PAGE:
"Yeah, we're definitely not the normal," Chad Girodo agreed. "We're definitely not traditional. But everybody has their own role and we just work together and we all know our job. We know when our number is called do your job, and if not somebody is right behind you just as good."
As good though in a different sort of way, that is. Girodo is correct about a most non-traditional staff where essentially only closer Holder has a classic sort of identity. And even he has seen duty this season in non-save situations, throwing before half-way of games.
"We're different," said Holder. "I think that is what makes us good though." Sufficiently so that Mississippi State is about to make its best pitch, or pitches, for a national championship. The College World Series' best-of-three title round begins Monday, with Trevor Fitts (0-0) throwing first pitch of the evening for the designated ‘home' team.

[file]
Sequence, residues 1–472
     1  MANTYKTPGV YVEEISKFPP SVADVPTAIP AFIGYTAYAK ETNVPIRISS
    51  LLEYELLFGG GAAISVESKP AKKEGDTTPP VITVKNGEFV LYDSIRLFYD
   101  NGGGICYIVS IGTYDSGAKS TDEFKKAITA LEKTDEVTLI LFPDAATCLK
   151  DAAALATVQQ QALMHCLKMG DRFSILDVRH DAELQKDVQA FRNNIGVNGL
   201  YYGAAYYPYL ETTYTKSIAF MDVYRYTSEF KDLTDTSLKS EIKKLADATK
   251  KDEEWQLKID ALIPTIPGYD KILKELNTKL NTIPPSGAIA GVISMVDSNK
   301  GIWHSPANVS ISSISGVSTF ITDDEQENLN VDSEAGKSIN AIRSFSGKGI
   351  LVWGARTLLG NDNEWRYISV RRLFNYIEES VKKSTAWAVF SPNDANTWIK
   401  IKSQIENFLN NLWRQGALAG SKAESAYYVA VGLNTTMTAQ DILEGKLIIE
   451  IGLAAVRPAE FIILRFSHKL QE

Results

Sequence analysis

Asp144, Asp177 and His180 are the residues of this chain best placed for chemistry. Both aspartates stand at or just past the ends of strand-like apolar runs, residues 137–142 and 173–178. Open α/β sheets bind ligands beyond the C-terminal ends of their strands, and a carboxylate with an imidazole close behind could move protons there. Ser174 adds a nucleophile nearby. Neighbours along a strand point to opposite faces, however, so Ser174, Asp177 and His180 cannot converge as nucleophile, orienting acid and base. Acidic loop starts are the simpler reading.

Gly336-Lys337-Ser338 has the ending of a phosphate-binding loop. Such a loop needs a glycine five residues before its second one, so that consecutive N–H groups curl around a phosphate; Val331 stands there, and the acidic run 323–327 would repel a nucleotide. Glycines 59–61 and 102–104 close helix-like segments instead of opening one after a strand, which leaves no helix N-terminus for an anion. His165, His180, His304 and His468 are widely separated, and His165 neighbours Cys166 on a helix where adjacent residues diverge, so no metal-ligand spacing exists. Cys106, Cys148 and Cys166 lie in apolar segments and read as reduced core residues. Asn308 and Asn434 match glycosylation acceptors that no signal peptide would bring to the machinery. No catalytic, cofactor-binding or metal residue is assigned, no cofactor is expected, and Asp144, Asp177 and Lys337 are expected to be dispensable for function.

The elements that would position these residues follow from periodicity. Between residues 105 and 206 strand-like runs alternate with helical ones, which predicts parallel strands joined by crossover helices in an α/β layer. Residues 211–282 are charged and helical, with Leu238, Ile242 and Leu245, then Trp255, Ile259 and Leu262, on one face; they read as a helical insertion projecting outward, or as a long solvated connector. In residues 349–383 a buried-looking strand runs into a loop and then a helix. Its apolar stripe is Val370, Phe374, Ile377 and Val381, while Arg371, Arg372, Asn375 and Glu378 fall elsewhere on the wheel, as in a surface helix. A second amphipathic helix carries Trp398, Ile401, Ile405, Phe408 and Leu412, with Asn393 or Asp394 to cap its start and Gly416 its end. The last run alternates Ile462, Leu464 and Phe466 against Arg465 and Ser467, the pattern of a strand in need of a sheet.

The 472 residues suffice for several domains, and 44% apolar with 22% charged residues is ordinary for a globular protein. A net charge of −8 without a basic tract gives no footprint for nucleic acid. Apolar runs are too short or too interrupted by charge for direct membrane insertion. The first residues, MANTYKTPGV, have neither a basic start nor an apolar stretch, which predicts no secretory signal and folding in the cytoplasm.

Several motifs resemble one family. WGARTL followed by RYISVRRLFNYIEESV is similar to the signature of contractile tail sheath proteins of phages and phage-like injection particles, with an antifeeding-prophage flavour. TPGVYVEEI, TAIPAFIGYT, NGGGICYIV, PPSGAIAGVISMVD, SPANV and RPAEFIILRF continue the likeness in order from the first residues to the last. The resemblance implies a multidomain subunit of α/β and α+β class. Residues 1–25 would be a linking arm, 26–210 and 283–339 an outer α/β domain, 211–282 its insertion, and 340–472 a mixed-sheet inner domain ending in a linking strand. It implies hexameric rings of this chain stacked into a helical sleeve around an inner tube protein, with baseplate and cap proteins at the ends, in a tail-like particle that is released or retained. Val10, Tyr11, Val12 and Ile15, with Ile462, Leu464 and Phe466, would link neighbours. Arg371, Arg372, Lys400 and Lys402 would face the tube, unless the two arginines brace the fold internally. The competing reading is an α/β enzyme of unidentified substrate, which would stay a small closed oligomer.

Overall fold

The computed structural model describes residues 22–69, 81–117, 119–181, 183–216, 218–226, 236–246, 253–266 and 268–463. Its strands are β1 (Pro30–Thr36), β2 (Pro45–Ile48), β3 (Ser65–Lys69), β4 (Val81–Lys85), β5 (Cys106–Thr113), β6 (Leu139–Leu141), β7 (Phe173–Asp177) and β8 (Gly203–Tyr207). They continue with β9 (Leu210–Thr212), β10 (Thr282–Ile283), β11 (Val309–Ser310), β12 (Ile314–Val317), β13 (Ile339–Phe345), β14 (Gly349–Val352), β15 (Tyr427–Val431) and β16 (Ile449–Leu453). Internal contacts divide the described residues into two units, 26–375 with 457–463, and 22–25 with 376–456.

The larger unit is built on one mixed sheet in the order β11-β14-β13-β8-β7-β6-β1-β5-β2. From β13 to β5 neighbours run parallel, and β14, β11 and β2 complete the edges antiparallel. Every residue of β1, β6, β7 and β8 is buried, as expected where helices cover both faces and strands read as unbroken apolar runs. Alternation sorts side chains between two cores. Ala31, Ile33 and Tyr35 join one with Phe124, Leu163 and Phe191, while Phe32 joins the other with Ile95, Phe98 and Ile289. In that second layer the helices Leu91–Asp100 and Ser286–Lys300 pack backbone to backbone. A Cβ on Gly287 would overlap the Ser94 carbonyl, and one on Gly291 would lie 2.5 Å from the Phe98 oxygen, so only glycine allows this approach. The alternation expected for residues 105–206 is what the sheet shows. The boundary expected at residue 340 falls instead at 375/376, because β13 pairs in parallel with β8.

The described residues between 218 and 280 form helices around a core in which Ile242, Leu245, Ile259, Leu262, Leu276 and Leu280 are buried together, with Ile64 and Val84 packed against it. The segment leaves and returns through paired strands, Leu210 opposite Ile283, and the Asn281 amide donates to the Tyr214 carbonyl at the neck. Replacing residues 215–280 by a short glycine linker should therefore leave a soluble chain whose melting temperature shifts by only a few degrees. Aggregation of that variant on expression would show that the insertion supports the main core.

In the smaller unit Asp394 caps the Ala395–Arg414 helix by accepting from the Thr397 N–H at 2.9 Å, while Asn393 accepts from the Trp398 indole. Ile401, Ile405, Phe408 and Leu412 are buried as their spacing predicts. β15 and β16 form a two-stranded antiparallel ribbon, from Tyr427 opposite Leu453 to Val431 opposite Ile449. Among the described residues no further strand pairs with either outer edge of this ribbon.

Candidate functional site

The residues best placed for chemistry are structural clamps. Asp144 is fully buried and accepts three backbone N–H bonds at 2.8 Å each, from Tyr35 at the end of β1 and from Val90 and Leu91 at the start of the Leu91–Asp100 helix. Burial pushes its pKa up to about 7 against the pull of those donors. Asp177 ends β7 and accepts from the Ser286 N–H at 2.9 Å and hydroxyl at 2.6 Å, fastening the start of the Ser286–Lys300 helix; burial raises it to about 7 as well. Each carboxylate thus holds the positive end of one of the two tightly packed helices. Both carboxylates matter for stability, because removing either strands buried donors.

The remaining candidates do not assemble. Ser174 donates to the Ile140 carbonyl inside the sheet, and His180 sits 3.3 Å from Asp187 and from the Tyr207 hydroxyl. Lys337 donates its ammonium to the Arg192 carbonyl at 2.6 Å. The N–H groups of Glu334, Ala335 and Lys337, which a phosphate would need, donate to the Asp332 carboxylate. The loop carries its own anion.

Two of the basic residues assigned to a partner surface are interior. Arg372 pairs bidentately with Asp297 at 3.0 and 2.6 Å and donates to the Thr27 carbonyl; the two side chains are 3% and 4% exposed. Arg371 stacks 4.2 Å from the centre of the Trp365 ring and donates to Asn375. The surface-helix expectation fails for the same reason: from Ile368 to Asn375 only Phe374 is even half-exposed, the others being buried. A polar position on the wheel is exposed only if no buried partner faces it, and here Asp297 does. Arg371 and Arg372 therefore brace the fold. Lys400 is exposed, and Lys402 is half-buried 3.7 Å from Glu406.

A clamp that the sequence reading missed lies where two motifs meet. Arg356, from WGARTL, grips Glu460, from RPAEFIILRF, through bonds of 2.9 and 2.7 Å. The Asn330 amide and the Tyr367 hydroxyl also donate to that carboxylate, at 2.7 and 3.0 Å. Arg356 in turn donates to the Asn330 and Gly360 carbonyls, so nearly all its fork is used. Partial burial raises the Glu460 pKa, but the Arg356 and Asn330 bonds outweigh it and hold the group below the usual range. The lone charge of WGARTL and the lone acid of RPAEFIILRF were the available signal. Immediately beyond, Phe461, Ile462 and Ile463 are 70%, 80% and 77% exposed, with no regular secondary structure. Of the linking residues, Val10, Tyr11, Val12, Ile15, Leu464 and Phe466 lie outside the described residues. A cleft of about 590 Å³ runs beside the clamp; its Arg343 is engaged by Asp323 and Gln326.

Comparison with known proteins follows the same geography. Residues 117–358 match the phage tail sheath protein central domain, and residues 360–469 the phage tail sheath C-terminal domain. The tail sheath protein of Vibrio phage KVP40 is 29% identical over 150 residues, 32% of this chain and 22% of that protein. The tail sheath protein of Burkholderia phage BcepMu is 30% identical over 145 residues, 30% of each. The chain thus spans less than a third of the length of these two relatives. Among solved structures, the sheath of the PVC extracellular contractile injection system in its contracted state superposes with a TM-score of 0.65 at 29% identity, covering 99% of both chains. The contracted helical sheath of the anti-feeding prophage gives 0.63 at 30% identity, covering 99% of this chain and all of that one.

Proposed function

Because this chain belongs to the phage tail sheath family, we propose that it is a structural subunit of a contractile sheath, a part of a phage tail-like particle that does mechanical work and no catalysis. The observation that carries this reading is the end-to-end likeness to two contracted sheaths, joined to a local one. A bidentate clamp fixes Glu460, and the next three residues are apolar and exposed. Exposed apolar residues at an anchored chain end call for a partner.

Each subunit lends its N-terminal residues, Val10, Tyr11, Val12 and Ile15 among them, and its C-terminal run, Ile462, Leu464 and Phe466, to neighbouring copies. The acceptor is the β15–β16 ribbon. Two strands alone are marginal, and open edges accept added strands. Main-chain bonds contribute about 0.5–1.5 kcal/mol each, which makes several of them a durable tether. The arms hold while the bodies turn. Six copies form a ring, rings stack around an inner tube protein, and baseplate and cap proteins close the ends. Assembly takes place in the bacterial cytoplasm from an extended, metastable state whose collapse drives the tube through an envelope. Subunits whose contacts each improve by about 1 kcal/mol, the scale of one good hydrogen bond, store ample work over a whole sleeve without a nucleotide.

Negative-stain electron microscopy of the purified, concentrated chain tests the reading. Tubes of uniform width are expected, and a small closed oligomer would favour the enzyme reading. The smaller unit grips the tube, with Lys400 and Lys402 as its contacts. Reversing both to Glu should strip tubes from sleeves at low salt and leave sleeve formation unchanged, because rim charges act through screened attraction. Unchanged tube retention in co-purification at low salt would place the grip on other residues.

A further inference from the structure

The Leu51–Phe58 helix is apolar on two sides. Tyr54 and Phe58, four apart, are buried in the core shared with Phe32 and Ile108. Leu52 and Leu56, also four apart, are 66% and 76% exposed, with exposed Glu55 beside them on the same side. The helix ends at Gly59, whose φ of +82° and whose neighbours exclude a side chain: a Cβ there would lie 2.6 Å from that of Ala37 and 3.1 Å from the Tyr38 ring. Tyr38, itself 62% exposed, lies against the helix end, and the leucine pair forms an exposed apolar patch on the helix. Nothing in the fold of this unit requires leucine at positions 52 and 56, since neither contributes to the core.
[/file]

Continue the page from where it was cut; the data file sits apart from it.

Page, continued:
Handing the ball to someone without a decision, and for that matter only five starts in the sophomore season, almost epitomizes how differently the Dogs do things. "And it's hard to run from at this stage!" said pitching Coach Butch Thompson, the not-so-mad scientist constantly coming up with fascinating formulas for success. Or just plain survival.
"Butch has done a great job with our pitching staff," Coach John Cohen said. "From the very beginning in the fall we've tried to structure it to where ‘you're going to face lefthanders' and ‘you're going to come in this situation'. Our kids feel really comfortable in that role."
Except when they aren't comfortable…physically that is. It's fair to say because first starter Kendall Graveman didn't feel at his best Friday, his team is now playing for the championship. Or as Graveman said it, "I was really locked-in and focused because I didn't feel great."